Research In Motion Co-CEO Jim Balsillie on Wednesday confirmed that upcoming new BlackBerry smartphones will contain Near Field Communication chips in 2011. During a keynote shared with Nokia CEO Stephen Elop and NTT DoCoMo CEO Riuji Yamada at Mobile World Congress, Balsillie said “many, if not most” of his company’s smartphones released this year would include NFC capabilities. This confirms details from BGR’s exclusive report last month, which revealed several BlackBerry devices slated for release in 2011 and outlined specs that often included NFC capabilities. NFC is being promoted aggressively by cell phone makers, carriers, banks and other companies looking to profit from the new mobile payment systems NFC will facilitate. Google has already begun to show off Android’s NFC capabilities with its Nexus S smartphone, and Apple will soon unveil its next-generation iPhone with NFC capabilities as well.
We unveiled nearly all of RIM’s 2011 lineup over the past day or so, and we wanted to highlight the devices as well as give you a bit more background and personal thoughts on them — and of course, more photos. For starters, though, let’s talk about RIM’s NFC implementation and its real world use cases… we have been told RIM is planning to use NFC for pairing and streaming control with accessories, in addition to peer-to-peer information exchange. What does that mean? Well, you’d hold up one BlackBerry to another BlackBerry to add that person on BlackBerry Messenger, transfer your vCard information, or even share files. Future NFC uses headed to BlackBerry devices, we’re told, include things as crazy as building access control (no more key cards!), ticketing, and of course, payments. Hit the break for the rest of our break down! More →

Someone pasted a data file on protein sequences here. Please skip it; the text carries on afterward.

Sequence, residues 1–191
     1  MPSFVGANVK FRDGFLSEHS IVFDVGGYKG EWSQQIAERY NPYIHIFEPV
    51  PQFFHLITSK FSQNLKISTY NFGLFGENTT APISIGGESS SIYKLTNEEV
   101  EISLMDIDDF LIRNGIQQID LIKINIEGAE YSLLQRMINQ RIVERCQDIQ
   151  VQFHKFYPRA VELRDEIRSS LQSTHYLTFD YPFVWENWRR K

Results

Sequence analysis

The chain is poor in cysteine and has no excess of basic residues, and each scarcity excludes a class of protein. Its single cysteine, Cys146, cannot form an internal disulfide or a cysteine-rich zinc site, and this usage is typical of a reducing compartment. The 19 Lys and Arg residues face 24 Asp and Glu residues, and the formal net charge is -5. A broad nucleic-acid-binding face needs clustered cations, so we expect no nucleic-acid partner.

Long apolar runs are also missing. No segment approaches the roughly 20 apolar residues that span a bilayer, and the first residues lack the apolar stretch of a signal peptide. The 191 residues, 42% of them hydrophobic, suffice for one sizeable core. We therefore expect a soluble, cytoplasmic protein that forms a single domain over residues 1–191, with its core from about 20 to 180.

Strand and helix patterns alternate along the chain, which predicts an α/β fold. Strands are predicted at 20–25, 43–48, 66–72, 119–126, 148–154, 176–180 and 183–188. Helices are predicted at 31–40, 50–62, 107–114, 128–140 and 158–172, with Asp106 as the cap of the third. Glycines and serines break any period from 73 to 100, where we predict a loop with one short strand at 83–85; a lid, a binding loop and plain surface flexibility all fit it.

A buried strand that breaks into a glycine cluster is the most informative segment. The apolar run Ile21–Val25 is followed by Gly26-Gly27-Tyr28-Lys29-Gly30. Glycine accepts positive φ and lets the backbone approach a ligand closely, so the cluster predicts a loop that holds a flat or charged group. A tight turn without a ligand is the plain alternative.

That BlackBerry 8520 feeling a bit outdated? Well, we might have just what you’ve been waiting for — the next generation BlackBerry Curve. Codenamed “Apollo,” the new BlackBerry Curve finally brings up the lower-mid end of the BlackBerry lineup with very reasonable (and decent) specs for what will be an aggressively priced handset line. A 480 x 360 screen joins a 5-megapixel camera, quad-band GSM/GPRS/EDGE and a tri-band HSPA 7.2Mbps radio, and even NFC capability. Hit the break for the full run down, alright? More →
According to a report from ZDNet’s All About Microsoft blog, the first major update (codenamed Mango) to Microsoft’s Windows Phone 7 platform isn’t due until August or September of next year. A second major update (codenamed Apollo) is said to be due a year later, toward the end of 2012. This contradicts earlier reports, though it does jibe with rumors from last week suggesting Microsoft’s initial WP7 update in January would not be as major as was once believed. While All About Microsoft’s source claims this will be WP7’s first major update, the only functionality mentioned by the anonymous tipster is the addition of a Silverlight plug-in and HTML5 support in Internet Explorer. Meanwhile, an update supposedly due in February may bring a multitasking solution for third-party apps, enhanced developer controls, in-app downloads and more customization options. That sounds slightly more “major” to us. More →